Wednesday, March 23, 2016

Air Purifiers

We have been back in China now for a bit over 2 weeks and right away we were hit with some pretty heavy smog days. There were a few days when the PM2.5 particulate levels were consistently above 250 µg/m³ (this is ten times the WHO recommended safe levels) with peaks up to 500 µg/m³.

[This where Carole suggests warning you that this is a very technical entry.  You've been warned.]

For example, this shot looking down on our neighborhood from the hill behind us was taken on a day with approximately 250 µg/m³ particulate count. On days of 500 µg/m³ it is much soupier. On those days we can still see across the street but, if one we were to see a person about one block away, we probably couldn't tell if its a person or a bush.

This is just life here in China, something we all have to deal with. I've already mentioned here that we use our 3M face masks when we go outside in these conditions. How about when we are at home? Well the government recommends people stay indoors when levels are elevated. That helps, a little, but indoor particulate levels are still about 30% to 50% of outdoor levels, higher if you don't keep the doors and windows closed 24 hours/day. So we run air purifiers at home.

We discovered the best deal on air purifiers is from a Beijing social enterprise called Smart Air, http://smartairfilters.com/en and http://particlecounting.tumblr.com/. They make very simple but effective air purifiers by strapping a HEPA filter on to a fan. See the above links for details and all the research and tests they have performed. We are quite happy with our 2 Smart Air air purifiers (one "Original" and on "Cannon" and they do the job for our whole house up to around 250 µg/m³ outside levels. Above that they don't quite keep up. The only issue we have with them is that they are loud, especially the "Cannon" when run at maximum. 

Here is our Cannon in its out of the way location under a table in our entrance/kitchen area:













According to Smart Air, this fan on high speed puts out 56 dB of sound volume measured from 1.95 meters. It's loud (but apparently not louder than some of the commercial products costing 10 times as much). We are still waiting for Smart Air to release their quieter system that has been promised for a while now. I hear it is still under development and coming soon... In the meantime I decided to take matters into my own hands to see if we could make our Cannon quiet enough to not interfere with our sleep at night.

I started by measuring the sound levels of our Cannon:


I don't have a fancy decibel meter like Thomas at Smart Air used, but I have a cell phone which has a microphone and lots of processing power and of course one can get apps for everything these days. This is the app I found:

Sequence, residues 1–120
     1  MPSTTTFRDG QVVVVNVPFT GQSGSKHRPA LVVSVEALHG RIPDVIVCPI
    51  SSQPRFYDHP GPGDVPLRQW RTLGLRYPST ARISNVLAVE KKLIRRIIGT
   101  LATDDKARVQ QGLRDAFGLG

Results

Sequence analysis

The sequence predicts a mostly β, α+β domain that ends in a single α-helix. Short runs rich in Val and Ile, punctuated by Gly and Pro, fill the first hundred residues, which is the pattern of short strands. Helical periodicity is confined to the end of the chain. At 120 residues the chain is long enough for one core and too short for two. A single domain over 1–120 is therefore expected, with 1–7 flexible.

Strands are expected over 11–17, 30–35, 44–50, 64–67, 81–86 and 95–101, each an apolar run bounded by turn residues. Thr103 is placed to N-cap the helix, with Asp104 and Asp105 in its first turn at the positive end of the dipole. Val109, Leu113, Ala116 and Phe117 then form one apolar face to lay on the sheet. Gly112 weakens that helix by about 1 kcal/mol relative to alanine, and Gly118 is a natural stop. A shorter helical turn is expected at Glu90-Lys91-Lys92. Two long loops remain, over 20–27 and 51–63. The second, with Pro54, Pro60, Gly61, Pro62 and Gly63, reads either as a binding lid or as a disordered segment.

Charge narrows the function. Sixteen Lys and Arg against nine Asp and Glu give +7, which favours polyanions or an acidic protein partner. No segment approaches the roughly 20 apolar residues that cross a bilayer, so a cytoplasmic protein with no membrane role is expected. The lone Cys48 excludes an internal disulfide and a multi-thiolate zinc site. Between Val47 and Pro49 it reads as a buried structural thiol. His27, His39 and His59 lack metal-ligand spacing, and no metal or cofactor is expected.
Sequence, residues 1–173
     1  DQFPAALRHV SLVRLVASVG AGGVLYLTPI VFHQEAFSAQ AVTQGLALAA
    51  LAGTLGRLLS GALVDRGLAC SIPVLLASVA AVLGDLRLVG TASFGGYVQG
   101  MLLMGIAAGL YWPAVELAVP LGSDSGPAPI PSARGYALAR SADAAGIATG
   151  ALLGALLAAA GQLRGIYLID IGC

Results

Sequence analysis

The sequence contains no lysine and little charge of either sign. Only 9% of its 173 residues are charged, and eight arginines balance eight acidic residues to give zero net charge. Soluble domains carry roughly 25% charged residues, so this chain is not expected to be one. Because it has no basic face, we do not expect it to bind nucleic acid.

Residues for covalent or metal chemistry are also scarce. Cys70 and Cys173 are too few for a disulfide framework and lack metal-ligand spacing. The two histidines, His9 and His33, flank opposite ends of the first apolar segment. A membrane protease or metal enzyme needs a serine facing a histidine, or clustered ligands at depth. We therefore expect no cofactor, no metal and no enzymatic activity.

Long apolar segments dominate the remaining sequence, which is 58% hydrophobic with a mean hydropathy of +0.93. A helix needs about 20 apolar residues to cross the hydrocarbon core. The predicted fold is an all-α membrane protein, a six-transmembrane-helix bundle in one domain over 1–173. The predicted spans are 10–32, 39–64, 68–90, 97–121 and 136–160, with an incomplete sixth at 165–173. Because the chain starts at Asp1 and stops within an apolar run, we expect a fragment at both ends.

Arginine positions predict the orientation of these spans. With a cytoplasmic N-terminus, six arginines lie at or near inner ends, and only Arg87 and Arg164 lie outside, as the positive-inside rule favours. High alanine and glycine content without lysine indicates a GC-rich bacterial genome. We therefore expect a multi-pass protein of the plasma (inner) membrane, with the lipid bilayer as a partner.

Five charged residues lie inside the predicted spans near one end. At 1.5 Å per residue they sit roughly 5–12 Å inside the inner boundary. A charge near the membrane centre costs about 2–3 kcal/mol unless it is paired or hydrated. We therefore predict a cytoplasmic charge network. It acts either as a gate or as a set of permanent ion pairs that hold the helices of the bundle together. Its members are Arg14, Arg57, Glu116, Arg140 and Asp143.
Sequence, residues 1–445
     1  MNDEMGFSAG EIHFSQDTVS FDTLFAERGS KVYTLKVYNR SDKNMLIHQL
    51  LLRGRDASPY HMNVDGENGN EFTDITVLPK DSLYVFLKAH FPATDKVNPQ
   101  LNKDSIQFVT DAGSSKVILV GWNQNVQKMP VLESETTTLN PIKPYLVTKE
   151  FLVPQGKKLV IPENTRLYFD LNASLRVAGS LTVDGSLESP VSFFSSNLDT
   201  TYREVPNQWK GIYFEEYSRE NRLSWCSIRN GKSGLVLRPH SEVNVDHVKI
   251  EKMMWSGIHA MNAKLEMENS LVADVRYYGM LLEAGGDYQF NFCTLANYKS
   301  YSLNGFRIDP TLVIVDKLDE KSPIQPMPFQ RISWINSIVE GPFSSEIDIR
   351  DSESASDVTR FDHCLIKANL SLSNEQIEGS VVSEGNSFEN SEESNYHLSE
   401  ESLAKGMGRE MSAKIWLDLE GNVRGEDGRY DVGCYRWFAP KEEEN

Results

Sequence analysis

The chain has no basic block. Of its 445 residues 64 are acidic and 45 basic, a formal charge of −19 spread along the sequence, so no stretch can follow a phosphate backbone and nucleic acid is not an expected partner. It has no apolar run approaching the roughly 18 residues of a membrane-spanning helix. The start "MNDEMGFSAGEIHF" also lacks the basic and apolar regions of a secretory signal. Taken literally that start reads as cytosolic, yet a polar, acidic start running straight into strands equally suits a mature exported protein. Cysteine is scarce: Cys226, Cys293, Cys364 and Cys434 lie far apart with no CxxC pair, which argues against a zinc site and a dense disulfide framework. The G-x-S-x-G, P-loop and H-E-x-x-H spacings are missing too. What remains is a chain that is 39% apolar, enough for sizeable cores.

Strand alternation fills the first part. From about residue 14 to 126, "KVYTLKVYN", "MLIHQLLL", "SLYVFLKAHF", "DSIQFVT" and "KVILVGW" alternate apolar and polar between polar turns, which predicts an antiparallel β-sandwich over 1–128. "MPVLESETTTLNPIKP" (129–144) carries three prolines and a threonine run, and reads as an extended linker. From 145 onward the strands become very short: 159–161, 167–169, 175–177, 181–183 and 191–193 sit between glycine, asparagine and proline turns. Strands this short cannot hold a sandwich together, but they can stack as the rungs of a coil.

I don't expect that using this generic app on my cell phone will produce test results equal to an instrument designed for the job and calibrated against known sound levels, but I do expect it to give me reasonable data comparing one sound to another. You can see the tape measure in the above sound test photo, I made sure I was exactly one meter away from the fan for each test. This test showed that the ambient sound in the room was 30db and the Cannon on full speed fluctuated between 59 and 60 dB (so I'll call it 59.5 dB) 





We had some pieces of puzzle shaped soft plastic floor mat left over from another project so I quickly snapped a few of them together into a box to surround the Cannon:





































This is not the thin stuff you see at every children's playthings store, what we have is a full 1 inch (2.5 cm) thick. Anyway, I tested the sound level of the canon on high inside this box to be 55.5 dB. wow a 4 dB drop, definitely worth cutting up the floor mats to make the box properly. I had to leave an opening front and back of course to let air through, so I made the top front stick out so I could hang a blanket over it without completely covering the hole:

It turned out that how I was measuring sound from the side of the Cannon, it made no difference to have the blanket on or off, but measured from the front, there was a 2 dB difference (55 with and 57 without the blanket).

There was a problem with my quick test - when I put my hand in front of the opening I could feel no airflow. I'm guessing a lot of the air is just circulating around inside the box. So I figured we needed a baffle inside the box to separate the front from the back. I made up a quick template out of cardboard before attempting to cut one out of a floor pad: